Here’s What Happened When I Tried Floating in a Tank
Want to take your meditation practice to the next level? Just add water.
From Vancouver to New York City, luxury float centers—where the wellness-conscious commune with their psyches inside sensory deprivation chambers that are filled with several inches of body-temperature, Epsom salted water—are emerging as the next big thing in mindfulness.
And when we say big, we also mean it literally: Just Float, which recently opened in the Los Angeles suburb of Pasadena, is currently the world’s largest floating destination. If there's any spa that can do for floating what SoulCycle did for spinning (in SoCal and beyond), it's this one. So I had to dip a toe in.
Just Float was co-founded by self-proclaimed “serial entrepreneur” Jim Hefner, who first learned about the practice via comedian Joe Rogan (who has a float tank in his house). After his first profoundly relaxing dip at an Orange County float center two years ago, recalls Hefner, “I thought, ‘Floating needs to be everywhere—why is it not more available? Humanity is in dire need [of] this.’” (It might sound like a serious exaggeration on his part, but floating has been studied for all kinds of real health issues—more on that in a minute.)
According to Jennifer Nied, senior editor at American Spa magazine, ultra-enlightening experiences like Hefner’s are why floating has gained so much traction over the last several years. “When floating, the body is supported yet completely relaxed, and this physical relief leads to mental and emotional release to help people recover from stress,” she says. “It's a necessity in the hyper-available digital world we live in.”
So what does floating in a tank really feel like?
What really sets Just Float apart from the handful of other floatation spas in the LA area—aside from its record 11 tanks—is its proprietary design that's meant to help you deal with the floating's elephant in the living room: tight spaces.
“The [float tank] can be a little intense, so we try to help transition you with the architecture,” says Hefner. “All of the shapes, colors, audio, and light were sweated over. [From the front door to the float suite], the space gets smaller and smaller, the light gets lower and lower, and then we put you in the box. All of which was intentional.” It might not work for those with major claustrophobia, but for the rest of us it's like training wheels for tight spaces.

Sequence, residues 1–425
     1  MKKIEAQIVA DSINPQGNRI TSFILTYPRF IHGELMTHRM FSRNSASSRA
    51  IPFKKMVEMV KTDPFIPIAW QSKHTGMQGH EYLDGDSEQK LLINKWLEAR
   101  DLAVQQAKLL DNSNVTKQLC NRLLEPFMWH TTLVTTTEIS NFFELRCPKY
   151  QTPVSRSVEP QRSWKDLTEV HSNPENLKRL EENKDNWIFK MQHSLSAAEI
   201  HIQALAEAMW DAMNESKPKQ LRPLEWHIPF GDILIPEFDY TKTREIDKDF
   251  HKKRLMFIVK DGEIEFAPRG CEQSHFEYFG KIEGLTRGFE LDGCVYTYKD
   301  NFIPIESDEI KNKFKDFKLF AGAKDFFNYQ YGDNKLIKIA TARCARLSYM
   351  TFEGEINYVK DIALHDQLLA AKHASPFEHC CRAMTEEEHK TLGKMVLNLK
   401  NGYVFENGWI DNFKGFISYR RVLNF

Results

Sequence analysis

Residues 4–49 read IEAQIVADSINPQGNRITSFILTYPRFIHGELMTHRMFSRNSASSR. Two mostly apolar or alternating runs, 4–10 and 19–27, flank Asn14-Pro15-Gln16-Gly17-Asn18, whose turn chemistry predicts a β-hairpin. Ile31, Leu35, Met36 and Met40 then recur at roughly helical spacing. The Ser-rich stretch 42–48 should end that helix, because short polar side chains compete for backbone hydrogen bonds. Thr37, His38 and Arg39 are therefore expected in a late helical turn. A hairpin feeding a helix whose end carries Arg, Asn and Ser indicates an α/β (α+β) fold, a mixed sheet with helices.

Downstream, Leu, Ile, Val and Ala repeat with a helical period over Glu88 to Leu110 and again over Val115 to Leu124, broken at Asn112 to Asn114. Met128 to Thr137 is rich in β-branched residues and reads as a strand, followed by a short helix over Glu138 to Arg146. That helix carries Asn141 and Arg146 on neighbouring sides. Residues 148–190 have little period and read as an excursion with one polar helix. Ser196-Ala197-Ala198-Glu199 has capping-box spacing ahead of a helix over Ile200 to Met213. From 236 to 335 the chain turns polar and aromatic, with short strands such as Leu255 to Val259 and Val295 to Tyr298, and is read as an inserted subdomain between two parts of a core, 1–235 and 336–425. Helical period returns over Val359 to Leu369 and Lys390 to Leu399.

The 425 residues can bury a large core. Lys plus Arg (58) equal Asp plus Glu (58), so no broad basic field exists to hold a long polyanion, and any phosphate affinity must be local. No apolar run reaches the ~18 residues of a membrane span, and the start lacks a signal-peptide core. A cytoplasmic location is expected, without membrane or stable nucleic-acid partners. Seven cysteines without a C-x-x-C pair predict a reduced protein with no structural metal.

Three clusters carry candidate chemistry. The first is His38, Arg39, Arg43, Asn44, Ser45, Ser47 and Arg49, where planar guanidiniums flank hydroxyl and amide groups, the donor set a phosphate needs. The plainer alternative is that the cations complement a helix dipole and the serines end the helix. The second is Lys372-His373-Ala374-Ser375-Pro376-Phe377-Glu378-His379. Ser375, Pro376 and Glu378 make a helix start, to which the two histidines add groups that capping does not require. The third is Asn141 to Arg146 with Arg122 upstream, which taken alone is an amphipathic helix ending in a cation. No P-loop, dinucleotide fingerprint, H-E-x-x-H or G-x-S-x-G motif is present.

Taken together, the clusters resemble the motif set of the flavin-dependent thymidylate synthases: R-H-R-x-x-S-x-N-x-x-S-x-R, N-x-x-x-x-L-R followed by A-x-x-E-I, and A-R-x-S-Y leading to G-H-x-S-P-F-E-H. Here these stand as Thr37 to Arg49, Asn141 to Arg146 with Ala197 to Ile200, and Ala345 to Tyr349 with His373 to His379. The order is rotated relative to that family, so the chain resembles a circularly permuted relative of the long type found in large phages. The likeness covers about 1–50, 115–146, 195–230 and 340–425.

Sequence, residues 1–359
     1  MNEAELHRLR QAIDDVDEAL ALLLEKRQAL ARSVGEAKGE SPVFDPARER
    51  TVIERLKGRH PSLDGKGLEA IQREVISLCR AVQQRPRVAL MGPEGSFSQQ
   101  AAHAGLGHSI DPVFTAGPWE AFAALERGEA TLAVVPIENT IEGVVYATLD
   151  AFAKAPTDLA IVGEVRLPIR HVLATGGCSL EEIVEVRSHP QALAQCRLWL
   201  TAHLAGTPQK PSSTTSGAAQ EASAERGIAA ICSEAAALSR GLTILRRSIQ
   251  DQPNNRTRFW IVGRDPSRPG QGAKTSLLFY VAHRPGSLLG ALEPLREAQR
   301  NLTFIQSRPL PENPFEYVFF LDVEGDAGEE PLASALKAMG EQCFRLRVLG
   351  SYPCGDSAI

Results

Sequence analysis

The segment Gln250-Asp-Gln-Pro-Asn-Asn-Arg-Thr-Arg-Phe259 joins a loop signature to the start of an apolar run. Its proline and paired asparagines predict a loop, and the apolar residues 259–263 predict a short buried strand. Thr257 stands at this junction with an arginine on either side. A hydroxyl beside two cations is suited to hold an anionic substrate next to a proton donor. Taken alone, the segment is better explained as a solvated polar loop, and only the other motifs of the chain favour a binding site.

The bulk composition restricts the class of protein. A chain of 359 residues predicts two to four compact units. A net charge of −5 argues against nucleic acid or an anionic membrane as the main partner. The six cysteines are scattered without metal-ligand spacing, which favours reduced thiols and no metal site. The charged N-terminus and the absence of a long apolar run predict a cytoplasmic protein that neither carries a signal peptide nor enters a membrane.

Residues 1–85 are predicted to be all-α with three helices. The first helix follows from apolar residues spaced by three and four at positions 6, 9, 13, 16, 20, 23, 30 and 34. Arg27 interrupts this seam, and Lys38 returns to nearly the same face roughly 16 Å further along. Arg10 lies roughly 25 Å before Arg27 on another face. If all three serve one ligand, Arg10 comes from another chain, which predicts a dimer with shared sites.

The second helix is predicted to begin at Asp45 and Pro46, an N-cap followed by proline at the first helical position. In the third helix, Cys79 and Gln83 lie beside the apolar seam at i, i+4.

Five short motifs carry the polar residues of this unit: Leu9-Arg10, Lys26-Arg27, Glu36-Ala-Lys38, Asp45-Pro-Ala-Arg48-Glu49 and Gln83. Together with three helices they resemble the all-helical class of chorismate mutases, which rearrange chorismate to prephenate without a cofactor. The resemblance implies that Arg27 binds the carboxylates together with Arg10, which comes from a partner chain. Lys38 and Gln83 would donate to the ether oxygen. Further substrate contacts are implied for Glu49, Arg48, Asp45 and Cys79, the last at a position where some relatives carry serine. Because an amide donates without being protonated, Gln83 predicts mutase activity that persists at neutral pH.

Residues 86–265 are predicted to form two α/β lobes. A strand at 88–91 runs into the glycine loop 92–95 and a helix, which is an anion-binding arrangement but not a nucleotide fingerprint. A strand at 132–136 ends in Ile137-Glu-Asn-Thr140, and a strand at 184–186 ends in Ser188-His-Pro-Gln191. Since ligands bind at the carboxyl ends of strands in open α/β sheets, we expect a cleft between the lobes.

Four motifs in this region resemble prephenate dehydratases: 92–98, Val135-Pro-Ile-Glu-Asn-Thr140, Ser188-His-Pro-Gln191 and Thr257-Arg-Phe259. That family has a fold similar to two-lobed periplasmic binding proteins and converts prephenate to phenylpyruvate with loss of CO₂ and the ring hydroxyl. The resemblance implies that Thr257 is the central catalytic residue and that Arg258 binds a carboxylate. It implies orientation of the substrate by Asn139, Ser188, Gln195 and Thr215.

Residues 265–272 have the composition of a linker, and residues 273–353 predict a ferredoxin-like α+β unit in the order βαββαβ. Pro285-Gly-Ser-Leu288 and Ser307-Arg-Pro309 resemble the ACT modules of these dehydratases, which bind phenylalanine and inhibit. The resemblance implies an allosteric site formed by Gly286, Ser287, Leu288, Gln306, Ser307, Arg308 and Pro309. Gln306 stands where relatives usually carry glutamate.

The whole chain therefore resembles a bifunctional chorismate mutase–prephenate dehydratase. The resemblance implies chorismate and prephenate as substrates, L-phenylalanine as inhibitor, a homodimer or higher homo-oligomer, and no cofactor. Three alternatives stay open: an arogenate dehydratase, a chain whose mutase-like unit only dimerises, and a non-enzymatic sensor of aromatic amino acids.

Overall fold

After you check in, you'll take shower in private room before entering the float tank. Don’t worry about bringing a swimsuit—it’s best to totally eliminate physical distractions by floating in the nude, I was told. (It also helped to know that the chambers are powerfully sterilized four times after each session using hydrogen peroxide and UV light.)
The sound-proof, light-proof tanks, designed exclusively for Just Float, are quite roomy by floating standards—five feet wide, eight feet long, and seven feet tall. The high ceilings probably get a whole lot more people intrigued who'd otherwise panic at the idea of being enclosed in the typical coffin-style float pod for an hour. Just sayin'.
Once inside, you close the oversized “bank vault” door (it's easy to pop it back open if you need to), hit a button to turn off the lights and music, and focus on your breathing. You're not supposed to be surprised if you soon think you hear sounds, see vibrant visual patterns, or get a burst of creativity, all of which are commonly reported effects of floating. I definitely felt transported as the time whizzed by.
After an hour, when the lights and music gently rise again, you’ll emerge back into the world, at which point I'd recommend hitting up the post-float lounge for a tea and reacclimation before braving the freeway. (You’ll need it—the whole trippy experience feels like traveling to outer space and back.)
Why scientists love floating
But lest you think this is just a fancy form of hot water with a wellness scene price tag ($60, though packages with discounted sessions are available), studies have linked floating with everything from stress and pain reduction to enhanced creativity, athletic performance, and mental health (it’s being studied as a particularly powerful antidote to PTSD).
And the practice is about to undergo a whole new level of scientific scrutiny—in February 2016, Just Float is hosting the California Institute of Technology’s neuroscience department to conduct the first peer-reviewed study on floating’s brain effects using wireless EEG brain wave transmitters.“The research dealing with floating over the next two years is going to be monumental,” says Hefner. “There is enough anecdotal evidence [of floating’s benefits] that is compelling enough to make [scientists] put more money into research.”
To see some of that evidence firsthand, just flip through the communal journal in Just Float’s lounge, where guests record their experiences. As one entry states: “I entered full of noise, self-doubt, and fear; I emerged renewed and reminded of the truth.” Clearly, this destination and others are helping people stay afloat in more ways than one. —Erin Magner
Just Float, 76 N. Hudson Ave. #120, Pasadena, CA, 91101, 818-639-3572, justfloat.com.
No float centers near you? Here's how you can create an aquatic detox ritual at home.
(Photos: @Stocksy/Branislav Jovanović; Just Float)
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